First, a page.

*gasp* I won’t tell him you said that! BTW, Martin Short hosted the Christmas SNL this past weekend, and he was fan-friggin-tastic. I think he might be my real father. Long story. (I actually have a draft blog post about it. …Obviously.)

        Reply

  10. Le Clown Says:

    The Byronic Man,
    I’d say Rush Limbaugh. I’d hate to read one day that he did a good deed. As it would crush everything I believe the man to be……
    Le Clown

    Reply

    • SimplySage Says:

      Well, I’m going to crush this as I am from Rush’s home town. I know him and his whole family of lawyers. The nicest people you could ever meet. I even met his grandfather who lived to be 101. Worked up til the day he died. The Limbaugh’s, including Rush, are just plain nice. Even though they are high integrity lawyers they never have that air about them. His brother, David, does some television commentary time to time. Take a listen to him some time. Super nice.
      Gotta tell the truth on this one. Just sayin’. 🙂
      Sorry to burst it for ya!

      Reply

      • Le Clown Says:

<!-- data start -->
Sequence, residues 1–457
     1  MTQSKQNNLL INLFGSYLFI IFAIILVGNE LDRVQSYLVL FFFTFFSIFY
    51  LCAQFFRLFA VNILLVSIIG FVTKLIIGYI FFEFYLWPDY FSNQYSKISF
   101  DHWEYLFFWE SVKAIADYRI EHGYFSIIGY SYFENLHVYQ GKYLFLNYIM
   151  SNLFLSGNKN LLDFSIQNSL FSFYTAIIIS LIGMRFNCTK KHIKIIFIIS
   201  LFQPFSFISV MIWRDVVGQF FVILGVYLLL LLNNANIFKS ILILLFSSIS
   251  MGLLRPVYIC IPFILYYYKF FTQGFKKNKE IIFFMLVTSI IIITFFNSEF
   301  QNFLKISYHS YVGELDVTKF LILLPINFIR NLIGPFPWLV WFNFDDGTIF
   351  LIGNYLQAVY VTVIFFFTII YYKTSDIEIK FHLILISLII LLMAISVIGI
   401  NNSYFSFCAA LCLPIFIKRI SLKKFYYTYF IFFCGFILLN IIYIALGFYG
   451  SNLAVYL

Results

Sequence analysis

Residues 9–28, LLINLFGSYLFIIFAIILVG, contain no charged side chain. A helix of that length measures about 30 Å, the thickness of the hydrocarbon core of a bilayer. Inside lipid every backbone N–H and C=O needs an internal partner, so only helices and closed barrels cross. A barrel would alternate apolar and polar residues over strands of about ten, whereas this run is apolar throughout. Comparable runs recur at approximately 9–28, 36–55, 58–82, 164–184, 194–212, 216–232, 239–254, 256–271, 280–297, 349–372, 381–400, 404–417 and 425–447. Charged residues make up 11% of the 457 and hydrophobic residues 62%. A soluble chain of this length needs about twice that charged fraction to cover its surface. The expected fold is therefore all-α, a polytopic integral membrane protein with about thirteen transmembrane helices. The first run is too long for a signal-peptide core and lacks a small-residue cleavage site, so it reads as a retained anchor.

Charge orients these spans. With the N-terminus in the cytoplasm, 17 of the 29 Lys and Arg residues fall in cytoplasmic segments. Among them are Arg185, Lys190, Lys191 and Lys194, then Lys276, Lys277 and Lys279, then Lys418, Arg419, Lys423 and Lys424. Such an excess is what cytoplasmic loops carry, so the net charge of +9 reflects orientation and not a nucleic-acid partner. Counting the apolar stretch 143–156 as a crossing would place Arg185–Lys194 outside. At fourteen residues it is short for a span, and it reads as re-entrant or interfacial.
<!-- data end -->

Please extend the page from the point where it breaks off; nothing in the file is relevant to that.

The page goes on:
SimplySage,
        Rush might be a nice man in his community, as many men like him are… But it doesn’t take away the hate speech he promotes publicly… I do not want to hijack The Byronic Man’s thread, but being a swell neighbour while taking your Golden retriever out for a walk doesn’t absolve you from calling women sluts.
        Le Clown

        Reply

        • SimplySage Says:

          Yes, I don’t want to hijack this either but many public figures are guilty. I immediately thought of Bill Maher, who in the name of comedy said similar, even worse, (in my opinion) things about certain public women. Rap music is full of profanity-laced commentary on women, very degrading. I don’t hear any apologies from these venues. (Rush did apologize.) I also can’t seem to find the feminists calling these out.
          But the bottom line here is do we want to trade free speech and establish rules of engagment for it? We coexist with the good and the bad. And we don’t judge a person for one lapse of judgement. If a person feels bad and apologizes we forgive and move on.